Memorial Resident John Oehler recently penned a novel called Aphrodesia, a mystery and suspense story centered on the world of perfumes. The protagonist, a student at the world’s top perfume school, creates a powerful aphrodisiac only to find himself accused of serial murder when a knockoff of his fragrance surfaces as the sole link in a series of passion-driven homicides. What better book to find out what’s inside for Valentine’s Day?
AM – Where did you come up with the concept to write a book on perfumes?
JO – I write thrillers, and for many years, I wanted to write a story involving fragrances and how they affect us. But the two didn’t seem to go together — a suspense story driven by scent? Then, one day I was discussing the history of perfumes with a master perfumer in Versailles. He told me great perfumes have always had one purpose: to seduce. I asked if creation of a true aphrodisiac was a goal of the perfumer’s art, and he said, “It’s the Holy Grail.”
That was my inspiration. A bottle of Joy might not drive a story, but an aphrodisiac fragrance definitely would. One thing I loved about writing the novel was that it gave me a chance to weave in other scent-related topics, like the fragrance additives in supermarket products, the only fragrance recipe in the Bible, and why the skin cells each person sheds can be traced back uniquely to that person.
AM – Do you know a lot about smell?
JO – I do know more than the average individual because I’ve done a lot of research. I only wish my own sense of smell were more acute. I know people whose noses are so sensitive they have difficulty attending parties and cannot stand to be in an elevator if someone wearing cologne or aftershave has ridden in it recently. Even if you’re not that sensitive, smell affects you in primal ways. It can catapult you back to sitting in your father’s lap as he read you a story, or to your first date, or to a time you got caught doing something you shouldn’t. It plays a major role in our attraction to others, or our repulsion.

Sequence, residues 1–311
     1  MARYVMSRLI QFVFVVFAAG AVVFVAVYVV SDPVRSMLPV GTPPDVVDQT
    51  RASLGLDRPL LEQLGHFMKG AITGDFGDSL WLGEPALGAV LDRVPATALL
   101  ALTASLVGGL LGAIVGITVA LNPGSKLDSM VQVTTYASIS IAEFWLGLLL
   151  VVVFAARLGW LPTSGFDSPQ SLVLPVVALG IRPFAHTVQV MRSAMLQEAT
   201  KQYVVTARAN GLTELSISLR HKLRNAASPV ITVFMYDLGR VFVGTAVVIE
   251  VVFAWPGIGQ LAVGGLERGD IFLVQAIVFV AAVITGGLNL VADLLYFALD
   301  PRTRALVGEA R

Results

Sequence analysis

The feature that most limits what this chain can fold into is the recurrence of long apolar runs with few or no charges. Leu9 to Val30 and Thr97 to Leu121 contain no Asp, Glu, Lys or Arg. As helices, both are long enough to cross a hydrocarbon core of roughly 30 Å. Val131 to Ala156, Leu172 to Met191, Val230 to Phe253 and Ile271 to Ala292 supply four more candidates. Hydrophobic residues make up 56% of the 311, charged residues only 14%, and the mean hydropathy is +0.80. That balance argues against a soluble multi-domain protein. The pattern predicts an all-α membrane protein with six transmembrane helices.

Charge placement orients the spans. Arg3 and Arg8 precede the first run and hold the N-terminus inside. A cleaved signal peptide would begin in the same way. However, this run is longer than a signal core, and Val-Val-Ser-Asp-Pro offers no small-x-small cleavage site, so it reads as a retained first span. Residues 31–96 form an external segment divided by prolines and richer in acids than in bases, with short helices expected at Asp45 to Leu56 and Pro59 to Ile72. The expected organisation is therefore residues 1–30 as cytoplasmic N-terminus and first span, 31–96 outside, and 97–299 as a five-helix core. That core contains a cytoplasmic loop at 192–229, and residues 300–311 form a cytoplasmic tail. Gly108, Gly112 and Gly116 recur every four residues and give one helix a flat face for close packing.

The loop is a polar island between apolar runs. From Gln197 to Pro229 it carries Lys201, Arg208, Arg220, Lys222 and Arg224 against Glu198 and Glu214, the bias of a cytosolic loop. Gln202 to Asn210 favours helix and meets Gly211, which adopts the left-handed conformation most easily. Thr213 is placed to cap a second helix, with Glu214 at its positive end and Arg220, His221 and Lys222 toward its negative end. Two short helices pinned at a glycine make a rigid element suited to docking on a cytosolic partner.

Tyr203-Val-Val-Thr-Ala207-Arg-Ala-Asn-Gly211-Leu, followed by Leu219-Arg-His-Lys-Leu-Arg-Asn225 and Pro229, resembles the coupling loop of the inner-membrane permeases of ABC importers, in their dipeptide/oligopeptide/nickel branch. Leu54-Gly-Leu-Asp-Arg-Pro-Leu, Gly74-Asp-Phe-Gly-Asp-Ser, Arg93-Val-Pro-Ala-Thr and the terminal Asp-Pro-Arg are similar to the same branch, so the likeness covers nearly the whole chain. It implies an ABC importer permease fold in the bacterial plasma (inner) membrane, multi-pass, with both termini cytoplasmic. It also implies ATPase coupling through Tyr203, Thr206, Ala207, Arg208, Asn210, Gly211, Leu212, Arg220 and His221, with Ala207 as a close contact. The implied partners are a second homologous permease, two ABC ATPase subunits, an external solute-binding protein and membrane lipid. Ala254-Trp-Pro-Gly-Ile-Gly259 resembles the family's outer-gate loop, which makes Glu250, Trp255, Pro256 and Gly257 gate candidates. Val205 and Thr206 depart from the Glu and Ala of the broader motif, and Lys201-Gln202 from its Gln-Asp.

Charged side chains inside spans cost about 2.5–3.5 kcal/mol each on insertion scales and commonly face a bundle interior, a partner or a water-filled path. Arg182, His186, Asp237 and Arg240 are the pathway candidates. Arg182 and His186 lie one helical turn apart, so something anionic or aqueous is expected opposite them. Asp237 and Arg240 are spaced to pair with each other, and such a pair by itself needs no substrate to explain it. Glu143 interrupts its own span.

In the past, smell was often used to correctly diagnose certain diseases, a talent largely lost among modern physicians. Smell is also integral to flavor. Food chemists distinguish taste from flavor. If you hold your nose, your tongue can detect only six tastes. But add smell, and you can detect thousands of flavors, and it protects us. We can literally smell danger, at least certain kinds of danger. Some we register without knowing exactly why.
Smell is thought to be the most primitive, most basic, of our senses. Unlike our other senses, smell physiologically goes straight from our receptor cells to our brains, the signal essentially “unprocessed.” Perhaps this is why it affects us so strongly.
AM – What are some of your favorite scents and why?
JO – Some of the classics are heavenly: Shocking, Tabac Blond, Joy, No. 5, Trésor, Miss Dior. I also like many of the products made by Creed and l’Artisan. The reasons these appeal to me are that they aren’t overpoweringly sweet; they contain intriguing combinations of fragrance notes, they combine beautifully with the smells of skin and hair, and they evolve gracefully as an evening progresses.